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Limitless: The science behind remembering everything


If you could remember everything, you saw, learned, or did, would it be a blessing or a curse? Well an even better question would be, it even possible to upgrade the storage capabilities of the brain? The answer is strangely enough, maybe, according to a new study we might just be able to remember quite literally everything.

Their research has identified a molecule that puts a brake on brain processing and when removed, brain function and memory recall is improved. The study has huge implications for neurodevelopmental and neurodegenerative diseases, things like autism spectrum disorders and ideally Alzheimer’s disease.

“Previous research has shown that production of new molecules is necessary for storing memories in the brain; if you block the production of these molecules, new memory formation does not take place,” says neuroscientist, Dr. Keith Murai, the study’s senior author.

“Our findings show that the brain has a key protein that limits the production of molecules necessary for memory formation. When this brake-protein is suppressed, the brain is able to store more information.”

The team used a mouse model to study how changes in brain cell connections produce new memories. They demonstrated that a protein, FXR1P (Fragile X Related Protein 1), was responsible for suppressing the production of molecules required for building new memories. When FXR1P was selectively removed from certain parts of the brain, these new molecules were produced that strengthened connections between brain cells and this correlated with improved memory and recall in the mice.

Image credit goes to: Cell Reports

Image credit goes to: Cell Reports

“The role of FXR1P was a surprising result,” says Dr. Murai. “Previous to our work, no-one had identified a role for this regulator in the brain. Our findings have provided fundamental knowledge about how the brain processes information.”

Of course, how the brain processes information and even how it stores memories is still mostly an uncharted territory for science.

“We’ve identified a new pathway that directly regulates how information is handled and this could have relevance for understanding and treating brain diseases,” Dr. Murai says.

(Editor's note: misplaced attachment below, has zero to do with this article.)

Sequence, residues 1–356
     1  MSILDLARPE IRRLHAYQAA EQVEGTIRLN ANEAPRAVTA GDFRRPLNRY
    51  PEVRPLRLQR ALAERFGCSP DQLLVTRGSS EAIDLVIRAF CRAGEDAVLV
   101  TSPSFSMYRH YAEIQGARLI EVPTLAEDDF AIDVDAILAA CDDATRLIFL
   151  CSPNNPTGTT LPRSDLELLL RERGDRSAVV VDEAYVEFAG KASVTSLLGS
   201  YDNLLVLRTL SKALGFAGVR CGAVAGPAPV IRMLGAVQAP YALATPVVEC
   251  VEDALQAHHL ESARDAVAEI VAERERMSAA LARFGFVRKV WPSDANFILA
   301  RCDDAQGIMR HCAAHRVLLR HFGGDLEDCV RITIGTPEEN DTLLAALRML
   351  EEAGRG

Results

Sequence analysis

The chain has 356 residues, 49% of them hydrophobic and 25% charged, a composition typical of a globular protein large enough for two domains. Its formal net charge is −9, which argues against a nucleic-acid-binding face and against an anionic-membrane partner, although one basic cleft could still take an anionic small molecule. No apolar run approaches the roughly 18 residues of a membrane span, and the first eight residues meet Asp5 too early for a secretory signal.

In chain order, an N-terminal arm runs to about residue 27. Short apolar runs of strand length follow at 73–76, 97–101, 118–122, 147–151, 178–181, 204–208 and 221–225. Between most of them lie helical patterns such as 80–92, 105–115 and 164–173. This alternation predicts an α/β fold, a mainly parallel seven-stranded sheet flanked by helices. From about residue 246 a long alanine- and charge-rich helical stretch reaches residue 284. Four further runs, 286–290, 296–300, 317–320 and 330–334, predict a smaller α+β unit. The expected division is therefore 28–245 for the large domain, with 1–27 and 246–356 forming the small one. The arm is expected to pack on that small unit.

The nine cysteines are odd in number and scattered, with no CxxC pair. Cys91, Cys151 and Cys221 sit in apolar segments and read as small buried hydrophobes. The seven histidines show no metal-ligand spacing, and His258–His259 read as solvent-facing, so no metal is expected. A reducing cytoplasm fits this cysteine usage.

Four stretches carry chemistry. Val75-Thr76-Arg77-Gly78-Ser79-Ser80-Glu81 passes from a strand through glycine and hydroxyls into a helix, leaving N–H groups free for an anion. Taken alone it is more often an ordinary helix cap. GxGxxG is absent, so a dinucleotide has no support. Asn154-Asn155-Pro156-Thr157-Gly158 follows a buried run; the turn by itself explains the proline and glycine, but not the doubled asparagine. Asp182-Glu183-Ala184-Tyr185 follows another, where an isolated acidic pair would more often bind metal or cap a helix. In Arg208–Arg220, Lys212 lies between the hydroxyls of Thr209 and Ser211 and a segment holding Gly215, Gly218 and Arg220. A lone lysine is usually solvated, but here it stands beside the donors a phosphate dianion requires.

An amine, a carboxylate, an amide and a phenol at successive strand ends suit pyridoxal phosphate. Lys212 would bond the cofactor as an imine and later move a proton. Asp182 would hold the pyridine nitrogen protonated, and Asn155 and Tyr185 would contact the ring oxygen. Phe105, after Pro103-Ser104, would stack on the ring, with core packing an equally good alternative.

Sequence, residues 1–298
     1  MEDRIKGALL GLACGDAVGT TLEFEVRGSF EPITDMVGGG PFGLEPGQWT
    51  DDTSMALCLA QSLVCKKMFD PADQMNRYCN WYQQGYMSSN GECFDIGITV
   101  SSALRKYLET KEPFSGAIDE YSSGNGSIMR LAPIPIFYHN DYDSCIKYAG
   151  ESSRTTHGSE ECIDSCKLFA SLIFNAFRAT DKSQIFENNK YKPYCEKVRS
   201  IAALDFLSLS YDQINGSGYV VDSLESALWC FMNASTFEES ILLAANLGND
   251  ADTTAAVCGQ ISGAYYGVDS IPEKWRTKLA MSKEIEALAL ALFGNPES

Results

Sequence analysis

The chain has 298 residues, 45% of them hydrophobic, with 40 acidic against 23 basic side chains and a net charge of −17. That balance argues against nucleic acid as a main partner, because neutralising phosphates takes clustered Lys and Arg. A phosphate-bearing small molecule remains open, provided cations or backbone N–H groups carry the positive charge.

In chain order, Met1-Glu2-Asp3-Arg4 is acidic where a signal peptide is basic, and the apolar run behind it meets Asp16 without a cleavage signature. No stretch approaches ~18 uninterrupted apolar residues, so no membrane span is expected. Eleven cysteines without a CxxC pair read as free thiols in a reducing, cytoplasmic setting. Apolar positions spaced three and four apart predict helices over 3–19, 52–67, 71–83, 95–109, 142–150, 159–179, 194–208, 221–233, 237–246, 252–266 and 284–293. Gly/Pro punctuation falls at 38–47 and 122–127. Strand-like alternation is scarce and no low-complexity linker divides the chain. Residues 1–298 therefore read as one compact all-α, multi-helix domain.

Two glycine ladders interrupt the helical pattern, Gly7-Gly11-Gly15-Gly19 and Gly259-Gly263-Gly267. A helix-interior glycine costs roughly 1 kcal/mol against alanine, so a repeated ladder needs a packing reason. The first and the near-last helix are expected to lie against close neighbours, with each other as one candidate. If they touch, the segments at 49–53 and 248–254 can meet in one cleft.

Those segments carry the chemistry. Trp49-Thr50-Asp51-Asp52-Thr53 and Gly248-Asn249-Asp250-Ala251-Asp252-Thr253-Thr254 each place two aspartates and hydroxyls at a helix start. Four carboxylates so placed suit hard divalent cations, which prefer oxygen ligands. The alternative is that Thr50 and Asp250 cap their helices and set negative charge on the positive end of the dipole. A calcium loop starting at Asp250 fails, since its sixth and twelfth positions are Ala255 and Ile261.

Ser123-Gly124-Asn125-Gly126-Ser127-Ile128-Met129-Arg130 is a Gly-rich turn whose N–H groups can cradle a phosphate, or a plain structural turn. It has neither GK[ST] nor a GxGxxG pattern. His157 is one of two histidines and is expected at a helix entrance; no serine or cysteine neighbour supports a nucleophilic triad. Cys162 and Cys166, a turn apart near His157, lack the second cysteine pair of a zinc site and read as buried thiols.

“Future research in this area could be very interesting,” he adds.

The team is hopeful that the work they are doing will lead to some big changes for the way neurological disorders are treated, while they are still a long way off from giving someone the ability to recall any memory they want, more reasonable (and useful) uses for the research are clear, like in the case of Alzheimer’s patients.

“If we can identify compounds that control the braking potential of FXR1P, we may be able to alter the amount of brain activity or plasticity. For example, in autism, one may want to decrease certain brain activity and in Alzheimer’s disease, we may want to enhance the activity,” says Dr. Murai.

“By manipulating FXR1P, we may eventually be able to adjust memory formation and retrieval, thus improving the quality of life of people suffering from brain diseases.”

Personally, I would not mind being able to remember everything, then again sometimes forgetting has its benefits. It is then unfortunate that we do not always remember why.

Denise Cook7, Erin Nuro7, Emma V. Jones, Haider F. Altimimi, W. Todd Farmer, Valentina Gandin,, Edith Hanna,, Ruiting Zong,, Alessandro Barbon,, David L. Nelson,, Ivan Topisirovic,, Joseph Rochford,, David Stellwagen,, Jean-Claude Béïque,, & Keith K. Murai (2014). FXR1P Limits Long-Term Memory, Long-Lasting Synaptic Potentiation, and De Novo GluA2 Translation
Cell Reports : 10.1016/j.celrep.2014.10.028

One response

  1. Reblogged this on Conversations I Wish I Had.

    November 13, 2014 at 2:31 pm

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